On this post, one answer states that \obeylines is defined as

\def\obeylines{\catcode`\^^M\active \let ^^M\par }

However TeX complains when I try to compile the following code

\def\obeylines{\catcode`\^^M\active \let ^^M\par }
\def\disobeylines{\catcode`\^^M=5 }

    We obey, and end up on separate lines.
    We obey.
We disobey, and end up on the same line.
We disobey.


The situation doesn't get any better when I change the first line to

\def\obeylines{\catcode`\^^M=13 \let^^M=\par }

Why is this code not working?

  • 4
    This question could probably do with a better title.
    – Werner
    Commented Apr 5, 2018 at 15:56
  • You don't need to define \obeylines, do you?
    – egreg
    Commented Apr 5, 2018 at 16:31

2 Answers 2


When TeX performs a \def, it just stores tokens with their current category code. In your case you are storing

\catcode`12\^^M\active\let ^^M5\par

(bullets separate tokens). So when your \obeylines macro is called, ^^M becomes active, but \let^^M will throw an error of “Missing control sequence”.

Actually, this analysis is not the full truth, because the ^^M with category code 5 in the body of the definition will cause the line to be finished and \par} ignored. So the error you get is different. Doing similar things with other characters would have the same problem described above.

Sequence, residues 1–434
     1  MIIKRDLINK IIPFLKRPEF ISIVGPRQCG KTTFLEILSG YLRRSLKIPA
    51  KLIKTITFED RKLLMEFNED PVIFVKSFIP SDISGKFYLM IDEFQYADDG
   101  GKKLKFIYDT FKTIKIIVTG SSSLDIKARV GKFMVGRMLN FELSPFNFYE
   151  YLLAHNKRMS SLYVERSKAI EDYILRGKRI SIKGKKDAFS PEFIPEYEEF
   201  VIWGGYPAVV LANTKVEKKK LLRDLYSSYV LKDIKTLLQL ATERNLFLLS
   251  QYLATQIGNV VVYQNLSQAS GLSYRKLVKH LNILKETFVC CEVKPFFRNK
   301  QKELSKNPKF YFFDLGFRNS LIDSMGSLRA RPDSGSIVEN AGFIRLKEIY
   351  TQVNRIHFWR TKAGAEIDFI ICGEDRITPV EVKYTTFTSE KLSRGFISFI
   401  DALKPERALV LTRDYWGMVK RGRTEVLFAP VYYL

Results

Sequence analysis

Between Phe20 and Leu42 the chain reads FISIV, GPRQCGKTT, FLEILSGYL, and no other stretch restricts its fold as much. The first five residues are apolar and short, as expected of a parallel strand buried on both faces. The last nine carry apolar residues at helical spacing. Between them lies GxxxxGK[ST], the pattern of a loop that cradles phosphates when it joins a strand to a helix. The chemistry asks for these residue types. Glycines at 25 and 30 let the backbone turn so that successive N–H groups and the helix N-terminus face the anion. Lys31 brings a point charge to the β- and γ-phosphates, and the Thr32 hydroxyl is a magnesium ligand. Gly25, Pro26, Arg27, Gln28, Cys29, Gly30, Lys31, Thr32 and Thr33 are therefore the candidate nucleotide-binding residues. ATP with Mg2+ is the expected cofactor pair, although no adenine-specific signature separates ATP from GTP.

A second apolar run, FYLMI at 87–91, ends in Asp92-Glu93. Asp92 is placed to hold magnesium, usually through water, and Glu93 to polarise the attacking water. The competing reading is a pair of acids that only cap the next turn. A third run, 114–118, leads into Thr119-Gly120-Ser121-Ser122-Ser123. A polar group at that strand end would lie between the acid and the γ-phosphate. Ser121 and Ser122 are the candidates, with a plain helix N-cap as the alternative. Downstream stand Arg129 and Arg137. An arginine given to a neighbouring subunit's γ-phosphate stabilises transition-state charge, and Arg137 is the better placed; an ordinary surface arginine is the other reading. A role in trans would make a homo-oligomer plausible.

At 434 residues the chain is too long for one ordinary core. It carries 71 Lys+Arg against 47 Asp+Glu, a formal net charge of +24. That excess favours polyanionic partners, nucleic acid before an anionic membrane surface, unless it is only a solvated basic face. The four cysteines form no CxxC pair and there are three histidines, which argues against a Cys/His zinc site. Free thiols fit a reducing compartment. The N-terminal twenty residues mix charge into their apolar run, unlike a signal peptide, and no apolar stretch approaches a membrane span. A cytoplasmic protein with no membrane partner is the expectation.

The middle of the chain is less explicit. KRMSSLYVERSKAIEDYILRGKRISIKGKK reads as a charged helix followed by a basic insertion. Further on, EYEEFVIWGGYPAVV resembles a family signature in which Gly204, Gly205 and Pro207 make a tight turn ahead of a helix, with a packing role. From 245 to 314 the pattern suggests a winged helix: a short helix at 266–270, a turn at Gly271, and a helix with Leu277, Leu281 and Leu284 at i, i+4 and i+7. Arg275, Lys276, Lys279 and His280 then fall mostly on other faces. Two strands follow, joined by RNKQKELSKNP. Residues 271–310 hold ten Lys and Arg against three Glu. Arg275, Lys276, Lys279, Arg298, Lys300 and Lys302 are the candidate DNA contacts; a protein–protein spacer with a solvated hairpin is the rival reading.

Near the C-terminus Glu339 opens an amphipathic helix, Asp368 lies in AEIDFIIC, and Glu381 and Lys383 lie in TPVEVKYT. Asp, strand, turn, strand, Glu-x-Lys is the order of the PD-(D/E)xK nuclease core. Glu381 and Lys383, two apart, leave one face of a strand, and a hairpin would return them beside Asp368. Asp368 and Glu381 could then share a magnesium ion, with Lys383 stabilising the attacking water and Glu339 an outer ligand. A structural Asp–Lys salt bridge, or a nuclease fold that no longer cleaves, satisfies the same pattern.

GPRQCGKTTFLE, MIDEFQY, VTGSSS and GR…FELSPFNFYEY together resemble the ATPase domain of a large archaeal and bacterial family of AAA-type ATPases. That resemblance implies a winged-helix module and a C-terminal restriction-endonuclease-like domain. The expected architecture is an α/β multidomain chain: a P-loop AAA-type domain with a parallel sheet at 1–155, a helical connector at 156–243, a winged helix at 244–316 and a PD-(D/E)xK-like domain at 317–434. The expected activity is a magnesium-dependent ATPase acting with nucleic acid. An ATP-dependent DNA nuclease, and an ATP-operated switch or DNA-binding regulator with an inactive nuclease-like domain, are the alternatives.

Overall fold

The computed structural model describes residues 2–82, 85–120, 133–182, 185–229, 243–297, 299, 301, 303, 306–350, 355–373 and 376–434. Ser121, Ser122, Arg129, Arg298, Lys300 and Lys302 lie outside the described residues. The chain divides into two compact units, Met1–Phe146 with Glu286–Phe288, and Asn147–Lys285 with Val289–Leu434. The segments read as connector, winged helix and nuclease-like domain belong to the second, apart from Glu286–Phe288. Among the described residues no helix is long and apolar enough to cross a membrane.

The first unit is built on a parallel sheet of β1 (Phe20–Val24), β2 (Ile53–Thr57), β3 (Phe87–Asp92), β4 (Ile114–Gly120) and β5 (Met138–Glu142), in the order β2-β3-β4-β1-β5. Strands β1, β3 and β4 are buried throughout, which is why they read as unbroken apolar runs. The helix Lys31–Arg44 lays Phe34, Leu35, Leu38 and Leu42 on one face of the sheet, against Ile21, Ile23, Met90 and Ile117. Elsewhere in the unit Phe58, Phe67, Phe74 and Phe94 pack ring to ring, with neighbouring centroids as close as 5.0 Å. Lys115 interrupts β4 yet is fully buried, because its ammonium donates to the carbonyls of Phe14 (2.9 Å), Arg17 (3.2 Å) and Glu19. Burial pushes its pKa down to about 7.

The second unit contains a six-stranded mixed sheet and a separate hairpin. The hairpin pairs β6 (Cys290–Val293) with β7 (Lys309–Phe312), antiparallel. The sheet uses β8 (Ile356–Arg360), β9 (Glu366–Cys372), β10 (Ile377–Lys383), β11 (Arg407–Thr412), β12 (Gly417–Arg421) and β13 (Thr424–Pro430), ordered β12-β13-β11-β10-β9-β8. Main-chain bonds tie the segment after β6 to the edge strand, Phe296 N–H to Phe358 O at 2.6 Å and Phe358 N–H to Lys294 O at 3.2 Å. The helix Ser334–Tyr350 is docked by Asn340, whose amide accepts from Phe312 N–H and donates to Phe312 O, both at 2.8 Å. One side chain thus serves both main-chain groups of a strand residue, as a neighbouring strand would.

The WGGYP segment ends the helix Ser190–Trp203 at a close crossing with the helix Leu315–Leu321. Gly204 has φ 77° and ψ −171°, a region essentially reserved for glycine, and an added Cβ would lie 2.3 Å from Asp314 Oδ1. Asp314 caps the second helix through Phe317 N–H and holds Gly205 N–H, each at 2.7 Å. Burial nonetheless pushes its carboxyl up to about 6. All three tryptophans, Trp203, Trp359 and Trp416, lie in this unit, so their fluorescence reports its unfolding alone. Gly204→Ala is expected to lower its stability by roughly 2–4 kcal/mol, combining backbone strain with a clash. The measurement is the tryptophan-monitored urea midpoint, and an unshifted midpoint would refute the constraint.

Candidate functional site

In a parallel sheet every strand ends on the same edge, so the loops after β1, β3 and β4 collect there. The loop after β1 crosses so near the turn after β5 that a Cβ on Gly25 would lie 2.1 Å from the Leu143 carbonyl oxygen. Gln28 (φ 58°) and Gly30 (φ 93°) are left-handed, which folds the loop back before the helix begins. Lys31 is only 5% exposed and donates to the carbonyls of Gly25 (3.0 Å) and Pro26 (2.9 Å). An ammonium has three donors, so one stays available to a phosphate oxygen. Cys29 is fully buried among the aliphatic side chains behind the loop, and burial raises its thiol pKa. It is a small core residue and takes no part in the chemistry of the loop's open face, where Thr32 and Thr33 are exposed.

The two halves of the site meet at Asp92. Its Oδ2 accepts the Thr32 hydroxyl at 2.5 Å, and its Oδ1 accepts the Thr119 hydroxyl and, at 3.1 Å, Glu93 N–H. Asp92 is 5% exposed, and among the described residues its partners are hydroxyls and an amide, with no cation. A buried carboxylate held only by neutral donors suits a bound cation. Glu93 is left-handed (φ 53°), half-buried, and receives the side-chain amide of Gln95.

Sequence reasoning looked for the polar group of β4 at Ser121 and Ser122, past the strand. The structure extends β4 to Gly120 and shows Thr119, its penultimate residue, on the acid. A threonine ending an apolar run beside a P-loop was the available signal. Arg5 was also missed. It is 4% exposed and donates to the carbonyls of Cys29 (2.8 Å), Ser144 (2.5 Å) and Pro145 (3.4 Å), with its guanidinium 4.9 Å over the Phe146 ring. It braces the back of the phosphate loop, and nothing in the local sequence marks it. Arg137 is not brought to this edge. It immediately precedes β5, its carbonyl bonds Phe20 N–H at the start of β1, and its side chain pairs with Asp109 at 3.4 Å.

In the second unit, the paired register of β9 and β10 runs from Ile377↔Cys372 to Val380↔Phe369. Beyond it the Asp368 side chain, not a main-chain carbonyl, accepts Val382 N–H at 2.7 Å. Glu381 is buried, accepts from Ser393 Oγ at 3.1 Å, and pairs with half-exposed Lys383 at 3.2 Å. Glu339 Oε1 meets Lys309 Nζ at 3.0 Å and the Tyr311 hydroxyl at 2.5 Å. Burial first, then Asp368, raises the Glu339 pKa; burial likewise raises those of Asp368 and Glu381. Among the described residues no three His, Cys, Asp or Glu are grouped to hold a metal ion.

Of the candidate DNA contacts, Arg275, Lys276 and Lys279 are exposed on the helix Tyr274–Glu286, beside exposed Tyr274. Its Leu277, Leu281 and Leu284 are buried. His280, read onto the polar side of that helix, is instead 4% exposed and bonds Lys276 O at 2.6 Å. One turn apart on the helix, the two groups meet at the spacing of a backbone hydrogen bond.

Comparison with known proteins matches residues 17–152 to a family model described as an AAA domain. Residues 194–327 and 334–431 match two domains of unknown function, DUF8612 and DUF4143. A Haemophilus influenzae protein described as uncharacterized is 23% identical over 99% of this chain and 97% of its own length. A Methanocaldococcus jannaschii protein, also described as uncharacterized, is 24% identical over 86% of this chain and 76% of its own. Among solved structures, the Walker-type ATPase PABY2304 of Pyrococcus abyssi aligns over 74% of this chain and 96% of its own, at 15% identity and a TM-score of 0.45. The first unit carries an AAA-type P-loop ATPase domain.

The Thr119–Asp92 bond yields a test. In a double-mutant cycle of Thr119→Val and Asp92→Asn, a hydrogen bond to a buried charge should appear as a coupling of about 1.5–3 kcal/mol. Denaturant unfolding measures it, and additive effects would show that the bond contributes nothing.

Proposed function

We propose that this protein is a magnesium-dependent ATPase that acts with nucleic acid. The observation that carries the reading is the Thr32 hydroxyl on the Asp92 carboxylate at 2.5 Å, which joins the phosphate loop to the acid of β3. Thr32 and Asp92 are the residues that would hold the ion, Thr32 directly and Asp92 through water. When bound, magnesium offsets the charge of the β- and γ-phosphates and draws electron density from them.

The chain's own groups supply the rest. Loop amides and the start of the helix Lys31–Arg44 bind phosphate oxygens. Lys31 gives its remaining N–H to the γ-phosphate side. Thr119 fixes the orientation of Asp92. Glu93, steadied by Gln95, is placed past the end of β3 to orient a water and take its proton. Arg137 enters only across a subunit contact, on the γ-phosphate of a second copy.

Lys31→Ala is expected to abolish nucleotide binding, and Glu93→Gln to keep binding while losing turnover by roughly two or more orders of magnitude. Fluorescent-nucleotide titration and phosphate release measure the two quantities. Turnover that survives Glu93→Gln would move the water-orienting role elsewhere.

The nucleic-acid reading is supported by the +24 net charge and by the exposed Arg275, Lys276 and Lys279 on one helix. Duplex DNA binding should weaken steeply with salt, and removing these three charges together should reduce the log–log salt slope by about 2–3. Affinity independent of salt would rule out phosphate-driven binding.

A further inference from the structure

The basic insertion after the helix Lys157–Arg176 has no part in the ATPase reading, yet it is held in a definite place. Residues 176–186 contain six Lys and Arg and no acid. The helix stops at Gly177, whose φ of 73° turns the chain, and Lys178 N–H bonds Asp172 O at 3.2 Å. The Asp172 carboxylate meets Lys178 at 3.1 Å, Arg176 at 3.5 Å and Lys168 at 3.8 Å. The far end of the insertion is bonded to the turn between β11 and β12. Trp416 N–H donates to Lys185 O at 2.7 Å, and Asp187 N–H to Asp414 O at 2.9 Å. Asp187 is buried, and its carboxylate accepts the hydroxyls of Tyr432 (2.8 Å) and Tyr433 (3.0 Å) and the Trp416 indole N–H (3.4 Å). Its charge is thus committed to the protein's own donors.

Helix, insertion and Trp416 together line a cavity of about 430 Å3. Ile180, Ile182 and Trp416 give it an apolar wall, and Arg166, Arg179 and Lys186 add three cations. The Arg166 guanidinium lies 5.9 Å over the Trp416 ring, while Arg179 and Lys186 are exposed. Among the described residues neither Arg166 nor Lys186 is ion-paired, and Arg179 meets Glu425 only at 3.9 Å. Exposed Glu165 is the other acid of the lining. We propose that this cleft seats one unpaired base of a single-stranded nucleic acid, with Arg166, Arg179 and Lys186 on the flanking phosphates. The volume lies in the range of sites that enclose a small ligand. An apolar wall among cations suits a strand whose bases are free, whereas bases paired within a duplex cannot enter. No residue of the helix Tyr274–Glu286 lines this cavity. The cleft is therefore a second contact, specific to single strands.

If you look in plain.tex you see

% In \obeylines, we say `\let^^M=\par' instead of `\def^^M{\par}'
% since this allows, for example, `\let\par=\cr \obeylines \halign{...'
{\catcode`\^^M=\active % these lines must end with %
  \gdef\obeylines{\catcode`\^^M\active \let^^M\par}%
  \global\let^^M\par} % this is in case ^^M appears in a \write

so what's actually stored is

\catcode`12\^^M\active\let ^^M13\par

which does the job. The \global\let^^M\par can be without the \global, but you could incur into problems if page breaks come along.

  • Thanks to you: now I know of the existence of plain.tex. Very good answer.
    – Lagrang3
    Commented Apr 5, 2018 at 16:52
  • @egreg The \global\let^^M\par can be without the \global, but you could incur into problems if page breaks come along. You must have been thinking about something related (contents of \obeylines will be interrupted by a page break?) but distinct, because the \global in your quote of plain.tex is simply there to give some definition to the active ^^M, and it wouldn't have any effet without \global.
    – user4686
    Commented Apr 8, 2018 at 21:37

You need ^^M to be active at time of definition, in order for the \let^^M\par to be legal. Check plain.tex for one way.

  • First of all, thanks for the answer. I don't understand: isn't \catcode`\^^M=13 making it active?
    – Lagrang3
    Commented Apr 5, 2018 at 16:18
  • @Lagrange.el.Ciencia No, it only does when \obeylines is called; but you need ^^M to be active in order to do \let^^M=\par and it isn't if the definition is not made when ^^M is active.
    – egreg
    Commented Apr 5, 2018 at 16:30
  • @egreg Now I see. I did this: \catcode`\^^M=13\def\obeylines{\catcode`\^^M=13 \let ^^M=\par }\catcode`\^^M=5 and it worked!
    – Lagrang3
    Commented Apr 5, 2018 at 16:39

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